Mythic Stories in Depth Psychology – PSY 512

COURSE DESCRIPTION

Wisdom stories reflect a broad range of human concerns. This course is an exploration of psychological functions of the mythic imagination. Initiatory patterns drawn from ancient narratives appear in movies and other cultural forms that reveal our aspirations. We will examine familiar mystery tales to study archetypal elements that shape experience, role and social contributions. We will also consider how mythic narratives reflect pluralistic models of psychological life.

The latest incarnation of Oedipus, the continued romance of Beauty and the Beast, stands this afternoon on the corner of 42nd Street and Fifth Avenue, waiting for a traffic light to change.” —Joseph Campbell

 

 

COURSE SESSIONS AND TOPICS

This course is divided into ten, one-hour sessions. The introductory session, Mythic Stories in Depth Psychology is presented in both audio and video format to better acquaint the student with the instructor.

Session 1 - Mythic Stories in Depth Psychology - Cinderella
Session 2 - Moments of Transformation - The Frog King
Session 3 - The Journey of Initiation - The Wizard of Oz
Session 4 - The Trickster - Robin Hood
Session 5 - Mentors and Benefactors - The Talking Eggs
Session 6 - The Belly of the Beast - Little Red Riding Hood
Session 7 - The Dark Forest - Hansel and Gretel
Session 8 - The Beloved of the Soul - Rapunzel
Session 9 - The Search for Meaning - Yvaine and the Grail Story
Session 10 - Claiming Your Story - The Ugly Duckling


LEARNING OUTCOMES FOR THIS COURSE

Outcome 1:  Students will be able to recognize and describe the principles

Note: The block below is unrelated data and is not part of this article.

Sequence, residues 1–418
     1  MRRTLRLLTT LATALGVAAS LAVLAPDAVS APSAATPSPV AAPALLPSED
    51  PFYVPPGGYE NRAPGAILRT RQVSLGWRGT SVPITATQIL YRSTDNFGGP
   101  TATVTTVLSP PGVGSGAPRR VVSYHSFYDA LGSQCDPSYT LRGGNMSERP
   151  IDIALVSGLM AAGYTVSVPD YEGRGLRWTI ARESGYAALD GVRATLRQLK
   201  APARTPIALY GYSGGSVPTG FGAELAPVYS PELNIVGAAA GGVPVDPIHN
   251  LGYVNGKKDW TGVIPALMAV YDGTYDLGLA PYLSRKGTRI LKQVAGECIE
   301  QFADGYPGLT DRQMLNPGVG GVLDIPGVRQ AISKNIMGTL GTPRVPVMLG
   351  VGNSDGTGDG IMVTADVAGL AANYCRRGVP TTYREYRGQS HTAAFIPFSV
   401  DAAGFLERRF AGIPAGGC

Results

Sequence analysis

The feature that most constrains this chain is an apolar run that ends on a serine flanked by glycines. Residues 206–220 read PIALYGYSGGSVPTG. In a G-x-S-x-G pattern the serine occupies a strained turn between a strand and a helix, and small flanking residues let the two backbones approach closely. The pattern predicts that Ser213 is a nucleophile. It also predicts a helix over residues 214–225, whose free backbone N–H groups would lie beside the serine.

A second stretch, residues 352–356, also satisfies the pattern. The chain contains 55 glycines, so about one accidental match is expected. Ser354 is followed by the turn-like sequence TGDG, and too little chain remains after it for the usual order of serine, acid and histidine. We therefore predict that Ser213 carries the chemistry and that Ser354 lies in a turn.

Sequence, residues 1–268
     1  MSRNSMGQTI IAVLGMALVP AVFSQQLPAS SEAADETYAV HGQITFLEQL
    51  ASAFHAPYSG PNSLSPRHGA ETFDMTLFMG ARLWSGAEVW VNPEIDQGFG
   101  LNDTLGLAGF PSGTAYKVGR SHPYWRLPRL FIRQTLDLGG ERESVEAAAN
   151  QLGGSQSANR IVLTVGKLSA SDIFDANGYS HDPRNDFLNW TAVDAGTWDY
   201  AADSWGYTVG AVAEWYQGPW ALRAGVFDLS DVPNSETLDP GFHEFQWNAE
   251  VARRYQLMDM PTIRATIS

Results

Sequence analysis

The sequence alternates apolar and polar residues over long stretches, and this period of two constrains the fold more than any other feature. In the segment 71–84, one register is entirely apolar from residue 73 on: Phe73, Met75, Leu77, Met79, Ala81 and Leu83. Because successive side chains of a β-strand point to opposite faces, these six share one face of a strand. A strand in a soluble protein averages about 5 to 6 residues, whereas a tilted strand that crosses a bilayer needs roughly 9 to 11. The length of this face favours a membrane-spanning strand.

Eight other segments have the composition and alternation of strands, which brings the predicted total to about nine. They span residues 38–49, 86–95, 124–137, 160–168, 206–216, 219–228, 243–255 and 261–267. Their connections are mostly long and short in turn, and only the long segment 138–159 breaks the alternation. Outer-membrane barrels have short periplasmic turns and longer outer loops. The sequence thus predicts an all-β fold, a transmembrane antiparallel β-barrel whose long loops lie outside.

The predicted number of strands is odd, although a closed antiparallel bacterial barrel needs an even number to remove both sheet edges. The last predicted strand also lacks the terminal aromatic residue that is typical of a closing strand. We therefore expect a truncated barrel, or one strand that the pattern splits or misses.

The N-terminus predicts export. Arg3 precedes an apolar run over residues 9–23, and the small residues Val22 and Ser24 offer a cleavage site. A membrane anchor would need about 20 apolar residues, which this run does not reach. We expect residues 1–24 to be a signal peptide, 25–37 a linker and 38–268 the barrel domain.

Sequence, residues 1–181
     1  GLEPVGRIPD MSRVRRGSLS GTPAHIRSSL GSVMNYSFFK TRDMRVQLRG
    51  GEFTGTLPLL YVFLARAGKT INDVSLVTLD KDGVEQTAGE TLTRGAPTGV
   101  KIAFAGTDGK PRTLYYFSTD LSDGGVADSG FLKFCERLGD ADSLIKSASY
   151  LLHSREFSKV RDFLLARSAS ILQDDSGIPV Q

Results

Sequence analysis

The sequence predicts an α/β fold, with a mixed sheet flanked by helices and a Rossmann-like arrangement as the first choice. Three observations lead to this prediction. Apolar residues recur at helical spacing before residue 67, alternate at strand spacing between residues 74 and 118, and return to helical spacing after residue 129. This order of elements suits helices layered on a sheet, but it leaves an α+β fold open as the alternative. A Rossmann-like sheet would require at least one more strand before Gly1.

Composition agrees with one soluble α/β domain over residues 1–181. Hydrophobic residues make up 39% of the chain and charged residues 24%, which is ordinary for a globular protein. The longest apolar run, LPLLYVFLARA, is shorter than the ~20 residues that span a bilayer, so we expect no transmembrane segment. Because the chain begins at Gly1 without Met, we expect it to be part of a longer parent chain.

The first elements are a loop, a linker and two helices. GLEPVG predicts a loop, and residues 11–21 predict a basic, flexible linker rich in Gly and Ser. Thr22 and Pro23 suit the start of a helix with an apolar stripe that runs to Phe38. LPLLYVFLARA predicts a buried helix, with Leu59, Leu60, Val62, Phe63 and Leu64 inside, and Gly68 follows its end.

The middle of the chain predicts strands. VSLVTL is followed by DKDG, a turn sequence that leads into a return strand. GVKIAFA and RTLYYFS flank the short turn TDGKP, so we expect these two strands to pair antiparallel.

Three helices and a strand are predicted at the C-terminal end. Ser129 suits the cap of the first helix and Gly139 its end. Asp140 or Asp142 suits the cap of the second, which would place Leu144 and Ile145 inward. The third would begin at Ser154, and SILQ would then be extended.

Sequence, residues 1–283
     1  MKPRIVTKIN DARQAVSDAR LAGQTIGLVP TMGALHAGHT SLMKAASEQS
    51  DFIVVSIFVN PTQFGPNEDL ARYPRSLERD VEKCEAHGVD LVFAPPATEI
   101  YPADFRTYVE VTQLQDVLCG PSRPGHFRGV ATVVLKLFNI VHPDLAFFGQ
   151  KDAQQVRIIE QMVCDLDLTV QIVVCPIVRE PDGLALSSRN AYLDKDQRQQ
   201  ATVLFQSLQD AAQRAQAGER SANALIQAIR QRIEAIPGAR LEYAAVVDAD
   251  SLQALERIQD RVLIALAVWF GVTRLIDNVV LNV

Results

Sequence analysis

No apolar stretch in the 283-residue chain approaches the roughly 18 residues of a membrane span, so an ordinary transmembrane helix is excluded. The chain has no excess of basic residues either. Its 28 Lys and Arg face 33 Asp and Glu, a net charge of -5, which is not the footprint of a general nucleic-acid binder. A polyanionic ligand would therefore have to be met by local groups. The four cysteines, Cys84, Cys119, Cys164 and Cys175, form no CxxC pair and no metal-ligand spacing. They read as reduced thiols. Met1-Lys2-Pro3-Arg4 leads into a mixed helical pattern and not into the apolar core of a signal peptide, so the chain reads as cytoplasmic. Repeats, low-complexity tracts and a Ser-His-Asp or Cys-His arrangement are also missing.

and theories of archetypal symbolism as found in wisdom tales.

Outcome 2:  Students will be able to describe how the terms and symbolic constructs
from folklore and mythology can be utilized to understand inner experience.

Outcome 3:  Students will be able to describe the basic tenets of initiatory
stages and how traditional stories reflect major life-stage transitions.

Outcome 4:  Students will be able to articulate how reflecting
on stories can aid in integration of competing goals.

Outcome 5:  Students will be able to describe how stories
can help us come to terms with difficult experiences.


PROFESSOR

Jonathan Young, Ph.D. – Clinical Psychology, Alliant International University, San Diego. Storyteller and psychologist, Dr. Young assisted Joseph Campbell at seminars and was the founding curator of the Joseph Campbell Archives and Library. His books and articles focus on personal mythology. Creator and former chair of the Mythological Studies at the Pacifica Graduate Institute, Dr. Young is now director of the Center for Story and Symbol in Santa Barbara, California.

 

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PURCHASE AUDIO / VIDEO

The lecture series from this course is also available for independent study.
>> Click Here to order these course materials.

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